By Elisabeth Warner

I am someone who has always wanted to travel. I have been to many places within the United States, and I have traveled abroad in Canada and Italy. Bolivia was different from anywhere I’ve been. Bolivians are passionate people, and most of the ones I met were all very cheerful. And very friendly. I had the opportunity to talk with a lady on my return flight, who invited me to visit her hometown next time I was in Bolivia. And that’s how it was most of the time. We were Americans, and stood out from the crowd, but they didn’t care. We talked with them, and they welcomed us.

I think the most unique aspect of Bolivian culture (at least from an American standpoint) was how involved everyone was in politics—how much they wanted to discuss them at any given moment, but especially at meals. Even in the remote village of Lupalaya, politics were brought up over lunch. All of the graffiti was political as well. It changed my outlook on how I view politics here in the United States, and my idea on how involved the average person can and should be.

In January, I couldn’t tell you anything about Bolivia, let alone pinpoint it on the map. Now I feel innately connected to the people of Bolivia, and I believe that I will try to go back one day. Their culture is different from our own, but this isn’t bad. It’s new and exciting. I’ll always be glad that I visited Bolivia.

By Rachel Birchmier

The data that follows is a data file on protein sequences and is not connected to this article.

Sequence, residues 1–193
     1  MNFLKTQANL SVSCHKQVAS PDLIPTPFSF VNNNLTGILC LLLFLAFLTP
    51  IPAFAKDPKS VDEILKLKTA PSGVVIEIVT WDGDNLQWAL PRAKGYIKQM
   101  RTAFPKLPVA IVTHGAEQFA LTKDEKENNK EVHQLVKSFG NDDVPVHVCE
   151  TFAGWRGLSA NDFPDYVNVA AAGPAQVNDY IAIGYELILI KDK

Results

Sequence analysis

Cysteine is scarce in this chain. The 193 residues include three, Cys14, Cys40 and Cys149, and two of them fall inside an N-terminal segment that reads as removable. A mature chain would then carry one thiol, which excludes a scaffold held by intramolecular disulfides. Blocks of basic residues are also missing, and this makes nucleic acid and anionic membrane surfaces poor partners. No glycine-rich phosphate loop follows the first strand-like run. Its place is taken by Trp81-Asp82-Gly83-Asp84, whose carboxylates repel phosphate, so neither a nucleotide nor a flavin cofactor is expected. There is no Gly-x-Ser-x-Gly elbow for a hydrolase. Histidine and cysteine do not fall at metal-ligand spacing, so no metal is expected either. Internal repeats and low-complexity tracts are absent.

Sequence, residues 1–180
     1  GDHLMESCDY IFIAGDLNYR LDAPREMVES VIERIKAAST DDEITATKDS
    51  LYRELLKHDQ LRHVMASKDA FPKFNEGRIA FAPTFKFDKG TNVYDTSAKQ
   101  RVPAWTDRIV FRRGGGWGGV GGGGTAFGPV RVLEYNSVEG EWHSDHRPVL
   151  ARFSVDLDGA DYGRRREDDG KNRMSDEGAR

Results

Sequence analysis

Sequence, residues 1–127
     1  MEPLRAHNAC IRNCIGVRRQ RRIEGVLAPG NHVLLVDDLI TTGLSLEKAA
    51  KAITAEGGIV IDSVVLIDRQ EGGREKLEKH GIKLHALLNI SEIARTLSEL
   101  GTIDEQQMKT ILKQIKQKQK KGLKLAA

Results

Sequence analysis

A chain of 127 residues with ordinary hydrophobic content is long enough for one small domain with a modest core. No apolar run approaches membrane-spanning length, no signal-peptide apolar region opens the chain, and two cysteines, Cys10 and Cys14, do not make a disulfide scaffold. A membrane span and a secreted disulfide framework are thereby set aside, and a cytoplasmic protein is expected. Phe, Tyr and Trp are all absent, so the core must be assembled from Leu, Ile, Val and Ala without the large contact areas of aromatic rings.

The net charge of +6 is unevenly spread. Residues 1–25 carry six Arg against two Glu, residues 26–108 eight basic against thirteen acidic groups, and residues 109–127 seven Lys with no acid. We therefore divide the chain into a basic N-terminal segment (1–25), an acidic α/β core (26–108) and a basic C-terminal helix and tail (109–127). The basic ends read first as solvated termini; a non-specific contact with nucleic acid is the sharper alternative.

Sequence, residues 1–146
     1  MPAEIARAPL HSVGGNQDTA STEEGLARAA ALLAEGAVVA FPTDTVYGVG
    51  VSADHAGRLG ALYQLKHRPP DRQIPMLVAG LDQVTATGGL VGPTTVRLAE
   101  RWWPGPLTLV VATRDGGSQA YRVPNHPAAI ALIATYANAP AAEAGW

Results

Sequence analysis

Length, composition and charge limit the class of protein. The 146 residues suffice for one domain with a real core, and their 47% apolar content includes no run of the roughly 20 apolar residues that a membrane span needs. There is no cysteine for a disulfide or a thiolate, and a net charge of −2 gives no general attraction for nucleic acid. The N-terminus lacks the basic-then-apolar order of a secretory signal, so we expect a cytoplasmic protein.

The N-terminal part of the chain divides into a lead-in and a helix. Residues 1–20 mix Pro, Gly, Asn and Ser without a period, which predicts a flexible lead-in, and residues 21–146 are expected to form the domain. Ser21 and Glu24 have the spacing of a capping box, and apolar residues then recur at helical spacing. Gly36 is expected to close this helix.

Before traveling to La Paz, Bolivia I didn’t have any solid expectations. Having not traveled far or often I had no basis for expectation except what I had read in books and U.S news sources. Most of what I read was from the assigned book Bolivia in Focus or from the Internet. One thing I learned was how politically involved and informed the people were in and around La Paz. Everyone was informed about the political environment of their own country as well as about a lot of world politics. Most of the graffiti around the city was political and one of the most popular topics for conversation was politics. While I have never minded political discussions, it’s considered a difficult topic in the United States, and I rarely hear discussions about politics beyond the scope of our own country. This trip taught me a lot about the importance of informing myself about events that influence the whole world rather than focusing only on information about my own country. It also taught me about different perspectives. A lot of the information I’ve learned in school and from U.S news sources has a biased perspective. It was refreshing and informative to hear the same news and histories I’d heard in the United States from the perspective of another country. This trip showed me the educational value of travel and allowed me to practice navigating in a new environment. I was also able to practice speaking Spanish and learn about a few of the other languages of Bolivia that I had never heard before. This was a great first travel experience. It inspires me to continue looking for new experiences and to continue to travel in the future when possible.